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Lifetimes Unfold on Scarborough's Sands

Lifetimes Unfold on Scarborough’s Sands
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When I moved away from Rhode Island, I swam at beaches all over the world. On a Greek island, I went topless for the first time. In Portugal, I kissed a man who barely spoke English. I drank too much red wine on a beach on the island of Majorca and ate grilled sardines on a beach in the south of France. The waters of the Carib­bean, and off the coast of Mexico, and along Rio de Janeiro, are warm and clear and blue-green. On Bermuda the sand is pink; on the island of Hawaii it’s black. As an adult, I was constantly drawn to beaches. They were more beautiful, more deserted, more romantic, than Scarborough. Yet, when I grew tired of humid summers in my adopted home of New York City and decided to rent a house on the beach for a month, it was Scarborough to which I returned.
For seven summers, my family and I took over a split ranch with an oversized deck in a development called Eastward Look, a stone’s throw from Scarborough. By then, my father’s emphysema had worsened, and even though the beach was a short walk across a busy road, he and my mother drove to the beach, usually staying for just an hour or two. My cousins and I, though, stayed all day. We rubbed sunblock onto each other’s shoulders and backs and shared our grownup problems. We weren’t Beatles wives anymore; we were wives of real-life men. And over those summers, our marriages broke up and new lovers appeared. Sometimes we cried on that beach. For fun, we read magazines out loud to each other.

At the ends of those days, we walked back to the rented house, eager now for margaritas and sophisticated hors d’oeuvres. Our parents sat back and let us cook for them — grilled pizzas and whole fish. Before it grew too dark, we played long, heated games of bocce, until our parents went to bed, tired, their noses sunburned. It was our turn to stay up now. On the deck, we opened bottles of Chardonnay and talked into the night, just the way we did when we were kids, our sandy bodies tangled together. I got up early and met my father in the kitchen to bake berry pies and homemade biscuits before it got too warm. Then the two of us sat together on the deck and drank our coffee and talked.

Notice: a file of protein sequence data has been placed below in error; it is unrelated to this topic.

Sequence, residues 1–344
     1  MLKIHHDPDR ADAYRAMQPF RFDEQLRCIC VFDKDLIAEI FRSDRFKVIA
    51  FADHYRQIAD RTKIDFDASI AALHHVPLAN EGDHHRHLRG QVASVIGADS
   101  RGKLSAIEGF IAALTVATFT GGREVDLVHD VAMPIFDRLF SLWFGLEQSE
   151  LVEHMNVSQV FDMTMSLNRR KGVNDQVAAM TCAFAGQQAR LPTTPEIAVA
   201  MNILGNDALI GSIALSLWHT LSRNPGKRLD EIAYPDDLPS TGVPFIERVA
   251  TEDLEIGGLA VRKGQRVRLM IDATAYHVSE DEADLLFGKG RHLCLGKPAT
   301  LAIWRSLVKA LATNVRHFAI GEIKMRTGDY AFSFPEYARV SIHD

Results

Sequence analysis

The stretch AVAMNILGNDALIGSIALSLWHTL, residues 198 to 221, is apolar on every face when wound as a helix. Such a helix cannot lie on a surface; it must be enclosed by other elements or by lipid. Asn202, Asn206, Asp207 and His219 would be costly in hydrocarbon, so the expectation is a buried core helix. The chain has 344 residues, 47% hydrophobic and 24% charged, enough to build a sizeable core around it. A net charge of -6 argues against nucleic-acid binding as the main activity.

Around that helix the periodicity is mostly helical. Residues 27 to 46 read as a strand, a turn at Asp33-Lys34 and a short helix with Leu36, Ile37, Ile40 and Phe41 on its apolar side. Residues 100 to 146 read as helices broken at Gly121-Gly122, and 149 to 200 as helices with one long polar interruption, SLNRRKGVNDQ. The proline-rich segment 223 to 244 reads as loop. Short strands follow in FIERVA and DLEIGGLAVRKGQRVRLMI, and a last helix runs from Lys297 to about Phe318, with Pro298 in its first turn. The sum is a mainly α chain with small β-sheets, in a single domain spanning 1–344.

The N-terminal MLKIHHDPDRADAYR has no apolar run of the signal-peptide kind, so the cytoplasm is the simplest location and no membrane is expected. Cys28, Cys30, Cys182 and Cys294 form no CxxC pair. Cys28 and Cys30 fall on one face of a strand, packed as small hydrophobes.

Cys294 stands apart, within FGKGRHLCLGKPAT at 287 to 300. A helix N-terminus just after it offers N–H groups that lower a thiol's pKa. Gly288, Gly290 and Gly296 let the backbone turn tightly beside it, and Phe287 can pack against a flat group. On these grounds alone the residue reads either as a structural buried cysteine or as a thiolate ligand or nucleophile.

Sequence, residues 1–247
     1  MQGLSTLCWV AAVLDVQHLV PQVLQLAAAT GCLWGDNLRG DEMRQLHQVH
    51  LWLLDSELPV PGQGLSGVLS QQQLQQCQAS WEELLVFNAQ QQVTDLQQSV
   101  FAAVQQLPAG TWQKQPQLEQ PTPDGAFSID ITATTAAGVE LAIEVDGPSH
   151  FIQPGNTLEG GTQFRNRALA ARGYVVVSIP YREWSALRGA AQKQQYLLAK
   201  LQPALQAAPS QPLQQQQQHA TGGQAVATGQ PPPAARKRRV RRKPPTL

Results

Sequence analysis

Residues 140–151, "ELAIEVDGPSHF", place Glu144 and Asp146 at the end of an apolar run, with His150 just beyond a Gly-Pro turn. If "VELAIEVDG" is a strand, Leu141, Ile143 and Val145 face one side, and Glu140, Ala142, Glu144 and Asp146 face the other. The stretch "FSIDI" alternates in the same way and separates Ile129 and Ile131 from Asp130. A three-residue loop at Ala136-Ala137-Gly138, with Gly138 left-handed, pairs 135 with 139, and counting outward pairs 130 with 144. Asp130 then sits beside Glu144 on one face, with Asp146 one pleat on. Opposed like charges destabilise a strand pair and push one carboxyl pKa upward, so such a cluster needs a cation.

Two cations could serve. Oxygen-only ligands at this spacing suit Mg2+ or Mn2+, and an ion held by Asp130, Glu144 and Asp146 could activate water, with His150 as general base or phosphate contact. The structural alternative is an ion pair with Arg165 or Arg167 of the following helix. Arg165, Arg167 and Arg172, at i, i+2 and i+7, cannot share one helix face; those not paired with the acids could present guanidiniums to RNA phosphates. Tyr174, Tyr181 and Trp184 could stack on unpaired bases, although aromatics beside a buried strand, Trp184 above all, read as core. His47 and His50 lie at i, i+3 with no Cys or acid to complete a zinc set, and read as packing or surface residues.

After my father died, I stopped renting the house at Scarborough. His birthday was the Fourth of July, and each summer he’d thrown himself a huge party at the beach house. He’d played John Philip Sousa music, bought kegs of beer, and grilled all three meals for dozens of people. To be at the beach in July without him seemed not only difficult but wrong somehow. And so it was a few years before I returned to Scarborough.

Now I was a mother, too, and had moved back to Rhode Island after many years away. With my two small children, Sam and Grace, I repeated the ritual my own mother had performed on summer mornings. I filled my station wagon, picked up my cousin, and headed south to Scarborough. Together, we sat and watched as Sam dashed in and out of the waves. We helped Grace build her own elaborate castles. We walked with them as far as we could, collecting shells and sea glass in their plastic pails.

I’d moved home, and that meant Scarborough on hot summer days. I could easily imagine my children coming here as teenagers, riding waves and whispering secrets to their friends. I believed that one day, as I had, they’d sit here on a starry night and kiss the boy or girl they’d hoped to kiss one whole long summer. Watching my own kids on the very beach where my childhood and adolescence had played out made me feel almost as hopeful as I used to when Beth and I had come here all those years ago.

But in adulthood we know better. Or perhaps we should. By the time we become adults, we’ve had our hearts broken enough times, suffered enough disappointments, learned enough lessons, to know that some dreams don’t come true. That day as I stood watching my children play at Scarborough, I never could have imagined that in a few short years, my daughter, Grace, would be taken from us, suddenly and inexplicably, by a virulent form of strep, leaving me and Sam and my husband, Lorne, in a perpetual winter.

I stopped going to the beach after Grace died. Something about all that bright sunshine, the sounds of children splashing in the water, the endless, relentless surf, was too much for my wounded self. Instead, I gathered my family and fled each summer to far-flung places — Peru and Vietnam and Thai­land. We visited temples and monu­ments and tombs. We ate crickets and guinea pigs and a fruit called durian that’s so smelly it’s not allowed in public buildings. Instead of embracing the familiar, I sought experiences so different they couldn’t possibly worsen my grief.

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